Tuesday, September 02, 2008


"I have the greatest admiration for your propaganda. Propaganda in the West is carried out by experts who have had the best training in the world — in the field of advertising - and have mastered the techniques with exceptional proficiency ... Yours are subtle and persuasive; ours are crude and obvious ... I think that the fundamental difference between our worlds, with respect to propaganda, is quite simple. You tend to believe yours ... and we tend to disbelieve ours."
~ Soviet correspondent based five years in the US.

More, from Luke Ryland, on America's Newspaper of Record, the spinning of yarns, and Sibel Edmonds:


A front page article "In Nuclear Net’s Undoing, a Web of Shadowy Deals" in last Monday's New York Times by David Sanger and William Broad details the destruction of evidence by the US government in a case involving the nuclear black market.

The article highlights again that the New York Times continues to engage in 'Judy Miller reporting' by warmongering and acting as a mouthpiece for the government.

This is the third article in a multi-part series. This article will focus on the NY Times' appalling reliance on government-friendly sources, the lack of any actual investigative reporting, the lack of supporting evidence, and the absence of any dissenting views. (The first piece of the series focused on the players in the AQ Khan / BSA Tahir nuclear smuggling ring, the second article focused on the countries involved.)

Given the New York Times recent history of being used and abused by their anonymous government sources you might think they ought to be a little more diligent when reporting a story such as this, but apparently they haven't learnt their lesson from the recent debacles such as Iraq/WMD or Anthrax/Hatfill.

David Sanger and William Broad need look no further back than their early reporting on this same story to see how badly they are getting spun - although given their performance, it appears that they don't even care.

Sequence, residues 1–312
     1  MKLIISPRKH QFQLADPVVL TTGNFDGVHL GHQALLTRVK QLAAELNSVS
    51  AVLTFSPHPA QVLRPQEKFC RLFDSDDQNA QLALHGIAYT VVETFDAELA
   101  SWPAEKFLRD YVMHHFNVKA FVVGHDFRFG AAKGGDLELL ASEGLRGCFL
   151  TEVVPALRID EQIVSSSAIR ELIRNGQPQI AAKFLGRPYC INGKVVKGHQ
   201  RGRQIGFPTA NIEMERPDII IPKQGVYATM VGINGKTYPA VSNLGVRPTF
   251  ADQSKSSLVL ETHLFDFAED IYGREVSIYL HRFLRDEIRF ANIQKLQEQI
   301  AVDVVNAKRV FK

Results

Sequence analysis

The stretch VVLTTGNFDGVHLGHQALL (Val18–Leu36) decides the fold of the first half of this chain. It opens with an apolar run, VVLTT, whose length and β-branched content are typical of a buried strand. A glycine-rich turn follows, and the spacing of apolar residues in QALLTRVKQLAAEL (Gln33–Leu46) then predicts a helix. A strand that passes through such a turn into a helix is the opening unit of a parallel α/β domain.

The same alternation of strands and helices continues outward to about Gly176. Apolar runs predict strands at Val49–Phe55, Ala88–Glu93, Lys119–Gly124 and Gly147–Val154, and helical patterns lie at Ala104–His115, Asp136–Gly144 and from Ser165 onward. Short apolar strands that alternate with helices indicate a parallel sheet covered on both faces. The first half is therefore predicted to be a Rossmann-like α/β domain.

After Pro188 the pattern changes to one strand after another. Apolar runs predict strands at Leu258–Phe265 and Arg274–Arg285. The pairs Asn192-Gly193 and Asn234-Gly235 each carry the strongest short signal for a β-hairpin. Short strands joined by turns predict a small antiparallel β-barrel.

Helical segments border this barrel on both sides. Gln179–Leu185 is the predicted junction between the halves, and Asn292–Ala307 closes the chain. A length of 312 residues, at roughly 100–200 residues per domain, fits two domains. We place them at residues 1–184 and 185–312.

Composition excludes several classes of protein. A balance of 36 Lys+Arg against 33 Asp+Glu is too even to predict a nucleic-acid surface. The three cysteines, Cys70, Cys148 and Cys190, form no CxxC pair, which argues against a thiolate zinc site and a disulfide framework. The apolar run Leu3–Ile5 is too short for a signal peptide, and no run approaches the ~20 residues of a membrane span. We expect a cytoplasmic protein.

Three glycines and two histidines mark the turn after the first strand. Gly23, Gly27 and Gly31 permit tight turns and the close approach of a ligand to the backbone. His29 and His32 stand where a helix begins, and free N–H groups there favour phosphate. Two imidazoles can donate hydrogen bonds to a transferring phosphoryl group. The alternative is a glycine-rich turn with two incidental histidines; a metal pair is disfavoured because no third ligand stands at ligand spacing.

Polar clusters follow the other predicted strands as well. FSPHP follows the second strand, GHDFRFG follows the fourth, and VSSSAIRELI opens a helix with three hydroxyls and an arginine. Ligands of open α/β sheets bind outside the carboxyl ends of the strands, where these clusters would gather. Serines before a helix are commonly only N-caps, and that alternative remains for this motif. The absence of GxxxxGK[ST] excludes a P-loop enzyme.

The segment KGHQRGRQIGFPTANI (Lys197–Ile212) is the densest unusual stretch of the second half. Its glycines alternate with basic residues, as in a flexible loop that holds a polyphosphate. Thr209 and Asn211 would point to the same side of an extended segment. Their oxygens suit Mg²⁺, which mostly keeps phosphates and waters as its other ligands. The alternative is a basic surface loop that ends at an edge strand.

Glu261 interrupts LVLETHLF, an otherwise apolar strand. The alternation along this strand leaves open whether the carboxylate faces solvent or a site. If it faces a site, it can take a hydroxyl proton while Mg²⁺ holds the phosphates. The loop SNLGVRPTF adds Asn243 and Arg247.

As just one example, that previous article was a transparent attempt to spin the story away from the fact that the US government bailed out members of the AQ Khan nuclear proliferation network. The article noted that the AQ Khan had nuclear "blueprints" which are "rapidly reproducible for creating a weapon that is relatively small and easy to hide" which makes these weapons "attractive to terrorists."

Now Sanger and Broad tell us in their current article that these plans are "sketchy and incomplete" which have "little or no value for a terrorist..." There was no correction, no apology, no remorse or embarrassment, and apparently no lessons learned.

Despite this history, Broad and Sanger again spoke to "five current and former Bush administration officials" - presumably the same sources as their previous article - and gave them the cover of anonymity to again spread transparent nonsense. Apparently Sanger and Broad didn't even wonder why a handful of Bush administration officials were willing to talk to them about these 'classified' operations, and it surely won't occur to them to ask why the Bush administration hasn't opened up a leak investigation either.


Last month, investigative journalist Joe Lauria joked that American journalists need five sources for something personally witnessed by the journalist. This is true for whistle-blowers, but there is a double-standard when it comes to official government sources. This kid-glove treatment of US officials is remarkable given the lies that we have been fed, particularly over the past seven years.

Did Sanger and Broad actually do anything to corroborate the story apart from speak to the five Bush officials who were all singing off the same hymn-sheet? Did they interview Richard Barlow, expert on Pakistan's nuclear program for his thoughts? Did they ask decorated British customs agent Atif Amin whether the story made any sense? Or former FBI translator Sibel Edmonds? Of course not.

Perhaps Sanger and Broad could have, for example, asked 'Dr Brian Jones, a former defence intelligence WMD specialist,' for his opinion. He was quoted in the Guardian on this very story back in June saying that he was "suspicious that the disclosure might be politically motivated." But that sort of thing would never get published in a US newspaper - unless it was a government source trying to undermine a whistle-blower.

Standard of Proof

If a whistle-blower tries to shed some light on government wrongdoing, then the Corporate Press in the US demands documents and multiple points of corroboration, and even then often don't run the story. They will question his or her motives, or they will argue that it is too difficult to establish the legitimacy of the whistle-blower case, or simply accept the government's denials.

In many cases, this standard of proof is legitimate, but it is applied so inconsistently that it turns the newspapers into organs of the government. The US corporate media will publish just about anything the government says, despite the Bush administration's documented history of lying to the press and the public. On the other hand, it is nearly impossible to get the US press to write about important matters that are not government-approved.